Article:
Viber ends all business ties with Facebook as advertiser boycott intensifies

Mark Zuckerberg in front of the Facebook logo
Mark Zuckerberg in front of the Facebook logo (Image credit: Android Central)

What you need to know

  • Facebook has faced an exodus of advertisers over its content moderation politics.
  • Viber today announced that it would join in the boycott, ending all ad spending effective immediately.
  • The company also committed to removing all Facebook integration with its apps.

Viber has joined a group of companies who are boycotting Facebook over its failure to properly moderate user content. The company will cease all ad spending on Facebook immediately while it will work towards removing Facebook integration with its app including Facebook connect, Giphy support, and the Facebook SDK at the start of July.

Commenting on the boycott, Djamel Agaoua, Viber's CEO said:

Facebook continues to demonstrate poor judgment in understanding its role in today's world. From the company's mishandling of data and lack of privacy in its apps, to its outrageous stand of avoiding the steps necessary to protect the public from violent and dangerous rhetoric, Facebook has gone too far. We are not the arbiters of truth, but the truth is some people are suffering from the proliferation of violent content and companies must take a clear stand.

Viber says that Facebook's failure to act on hate speech is merely the last straw for a company that has become riddled with scandal after scandal over the past year, most notoriously the Cambridge Analytica brouhaha.

For other companies, the boycott isn't a total business shut off as with Viber, merely a cessation of advertising through July. Companies like North Face, Ben and Jerry's, Patagonia, among others have joined the #StopHateForProfit campaign.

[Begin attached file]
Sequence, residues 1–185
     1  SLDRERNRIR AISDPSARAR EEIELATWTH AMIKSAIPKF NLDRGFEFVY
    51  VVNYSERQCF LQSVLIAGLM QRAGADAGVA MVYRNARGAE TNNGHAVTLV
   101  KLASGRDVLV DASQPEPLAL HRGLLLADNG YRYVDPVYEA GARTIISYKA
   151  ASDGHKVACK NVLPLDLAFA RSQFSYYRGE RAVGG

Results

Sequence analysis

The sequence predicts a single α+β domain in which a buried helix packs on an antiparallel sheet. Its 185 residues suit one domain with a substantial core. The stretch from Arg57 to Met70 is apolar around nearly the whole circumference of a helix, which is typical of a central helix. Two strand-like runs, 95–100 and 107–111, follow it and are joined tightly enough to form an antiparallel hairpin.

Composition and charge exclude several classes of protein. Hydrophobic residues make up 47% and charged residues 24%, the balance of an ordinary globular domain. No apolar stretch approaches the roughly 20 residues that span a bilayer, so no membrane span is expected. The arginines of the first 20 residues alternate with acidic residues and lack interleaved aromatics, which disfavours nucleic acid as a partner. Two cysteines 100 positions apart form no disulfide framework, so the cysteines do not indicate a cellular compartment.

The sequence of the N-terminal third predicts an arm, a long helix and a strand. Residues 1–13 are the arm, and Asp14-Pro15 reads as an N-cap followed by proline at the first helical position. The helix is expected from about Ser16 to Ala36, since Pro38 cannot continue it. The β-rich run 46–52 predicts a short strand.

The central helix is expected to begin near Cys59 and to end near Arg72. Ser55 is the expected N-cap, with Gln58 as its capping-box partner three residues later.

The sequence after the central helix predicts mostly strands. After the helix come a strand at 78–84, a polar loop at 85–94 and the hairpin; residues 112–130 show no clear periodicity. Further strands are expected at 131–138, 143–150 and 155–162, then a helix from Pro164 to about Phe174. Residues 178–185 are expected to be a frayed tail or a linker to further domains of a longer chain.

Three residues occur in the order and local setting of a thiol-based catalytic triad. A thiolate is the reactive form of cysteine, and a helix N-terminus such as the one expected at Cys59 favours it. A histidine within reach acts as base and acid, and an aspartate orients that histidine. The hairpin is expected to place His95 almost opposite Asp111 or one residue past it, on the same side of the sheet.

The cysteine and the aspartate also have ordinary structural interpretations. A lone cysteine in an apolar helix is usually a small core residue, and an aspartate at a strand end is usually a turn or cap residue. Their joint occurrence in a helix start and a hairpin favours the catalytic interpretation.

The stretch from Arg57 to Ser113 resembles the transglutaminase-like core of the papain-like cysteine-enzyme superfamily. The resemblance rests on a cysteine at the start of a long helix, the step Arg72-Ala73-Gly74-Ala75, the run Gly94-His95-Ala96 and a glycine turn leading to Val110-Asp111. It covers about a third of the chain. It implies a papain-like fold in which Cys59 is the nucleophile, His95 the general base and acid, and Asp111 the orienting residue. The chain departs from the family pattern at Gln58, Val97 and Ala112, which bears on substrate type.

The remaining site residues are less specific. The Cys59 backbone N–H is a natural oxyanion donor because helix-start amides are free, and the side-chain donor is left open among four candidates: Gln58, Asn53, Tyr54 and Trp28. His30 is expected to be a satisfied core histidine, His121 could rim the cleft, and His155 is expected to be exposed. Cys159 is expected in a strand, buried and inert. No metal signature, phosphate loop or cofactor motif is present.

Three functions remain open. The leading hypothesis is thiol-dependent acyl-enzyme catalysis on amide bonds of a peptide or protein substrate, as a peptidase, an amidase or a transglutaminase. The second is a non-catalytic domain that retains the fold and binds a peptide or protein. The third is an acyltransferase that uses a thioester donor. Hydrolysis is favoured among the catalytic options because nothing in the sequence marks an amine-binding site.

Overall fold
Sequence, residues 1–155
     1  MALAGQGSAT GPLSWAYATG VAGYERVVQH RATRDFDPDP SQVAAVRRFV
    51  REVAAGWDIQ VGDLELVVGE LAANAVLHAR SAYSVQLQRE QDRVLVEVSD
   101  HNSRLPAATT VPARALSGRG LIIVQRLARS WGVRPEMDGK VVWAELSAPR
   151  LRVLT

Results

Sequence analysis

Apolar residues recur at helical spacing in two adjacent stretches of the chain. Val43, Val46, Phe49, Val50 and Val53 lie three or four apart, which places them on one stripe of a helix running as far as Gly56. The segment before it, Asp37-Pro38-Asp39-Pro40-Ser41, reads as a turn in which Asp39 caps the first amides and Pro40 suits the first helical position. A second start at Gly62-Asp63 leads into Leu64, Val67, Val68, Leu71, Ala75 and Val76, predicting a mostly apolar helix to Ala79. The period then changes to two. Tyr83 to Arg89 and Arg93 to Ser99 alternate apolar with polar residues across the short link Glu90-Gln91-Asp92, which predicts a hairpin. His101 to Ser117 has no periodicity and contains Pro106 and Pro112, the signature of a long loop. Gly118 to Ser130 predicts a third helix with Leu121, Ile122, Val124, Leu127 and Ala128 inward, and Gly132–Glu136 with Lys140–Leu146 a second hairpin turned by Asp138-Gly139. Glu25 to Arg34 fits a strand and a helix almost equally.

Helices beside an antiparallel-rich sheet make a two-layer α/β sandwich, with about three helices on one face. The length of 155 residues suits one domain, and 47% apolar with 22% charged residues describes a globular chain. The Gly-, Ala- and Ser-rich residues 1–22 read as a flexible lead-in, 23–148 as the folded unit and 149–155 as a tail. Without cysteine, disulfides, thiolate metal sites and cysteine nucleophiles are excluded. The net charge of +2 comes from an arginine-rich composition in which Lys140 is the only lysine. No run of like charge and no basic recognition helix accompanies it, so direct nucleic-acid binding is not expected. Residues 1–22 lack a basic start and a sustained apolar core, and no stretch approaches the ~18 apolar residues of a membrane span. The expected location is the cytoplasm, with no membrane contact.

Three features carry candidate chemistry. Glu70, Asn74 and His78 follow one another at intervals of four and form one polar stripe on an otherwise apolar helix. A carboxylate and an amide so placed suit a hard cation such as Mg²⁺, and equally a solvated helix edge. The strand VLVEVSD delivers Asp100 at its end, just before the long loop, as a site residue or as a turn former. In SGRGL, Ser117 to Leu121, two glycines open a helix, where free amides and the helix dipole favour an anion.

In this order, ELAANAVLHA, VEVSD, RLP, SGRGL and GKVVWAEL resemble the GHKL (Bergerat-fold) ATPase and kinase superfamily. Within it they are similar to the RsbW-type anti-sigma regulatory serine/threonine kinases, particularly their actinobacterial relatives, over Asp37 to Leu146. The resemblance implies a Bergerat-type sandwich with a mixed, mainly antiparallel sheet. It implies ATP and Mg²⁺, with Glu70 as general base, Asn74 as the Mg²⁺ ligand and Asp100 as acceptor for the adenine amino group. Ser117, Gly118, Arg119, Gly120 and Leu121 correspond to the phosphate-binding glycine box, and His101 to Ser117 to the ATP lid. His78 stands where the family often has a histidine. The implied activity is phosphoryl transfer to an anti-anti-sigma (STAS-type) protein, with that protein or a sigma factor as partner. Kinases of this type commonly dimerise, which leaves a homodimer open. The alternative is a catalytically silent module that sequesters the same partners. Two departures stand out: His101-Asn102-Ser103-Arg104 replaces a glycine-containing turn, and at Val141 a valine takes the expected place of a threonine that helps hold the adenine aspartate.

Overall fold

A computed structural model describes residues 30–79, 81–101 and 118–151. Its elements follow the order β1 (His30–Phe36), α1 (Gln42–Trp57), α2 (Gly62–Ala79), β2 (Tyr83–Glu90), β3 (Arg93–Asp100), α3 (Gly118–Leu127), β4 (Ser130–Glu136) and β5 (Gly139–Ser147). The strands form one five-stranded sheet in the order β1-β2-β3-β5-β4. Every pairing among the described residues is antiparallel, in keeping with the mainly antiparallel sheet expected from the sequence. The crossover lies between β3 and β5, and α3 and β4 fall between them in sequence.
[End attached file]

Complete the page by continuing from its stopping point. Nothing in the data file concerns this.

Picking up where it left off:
Far from being ineffectual, the move is hitting Facebook where its wallet is, and the company is taken notice. Business Insider reported that Mark Zuckerberg sought to address advertisers concern personally this week, meeting with a select group including Anheuser-Busch InBev, Dentsu Aegis Network, Nestle, Omnicom Media Group, and Unilever:

Zuckerberg told attendees that Facebook doesn't set its policies to maximize business interests, but that its "north star" was commitment to the principles of freedom of expression and neutrality, according to a source familiar with the meeting. Another source said his explanation of Facebook's position "struck a tone."

Zuckerberg's neutrality may have struck a tone, but that it may have been the same tone that proved grating to employees a month ago. Staging a virtual walkout after publicly revolting, several of the social media's employees vociferously disagreed with the "neutral" path Zuckerberg had chosen.

"I don't know what to do, but I know doing nothing is not acceptable. I'm a FB employee that completely disagrees with Mark's decision to do nothing about Trump's recent posts, which clearly incite violence. I'm not alone inside of FB. There isn't a neutral position on racism," Facebook's Jason Stirman said last month.

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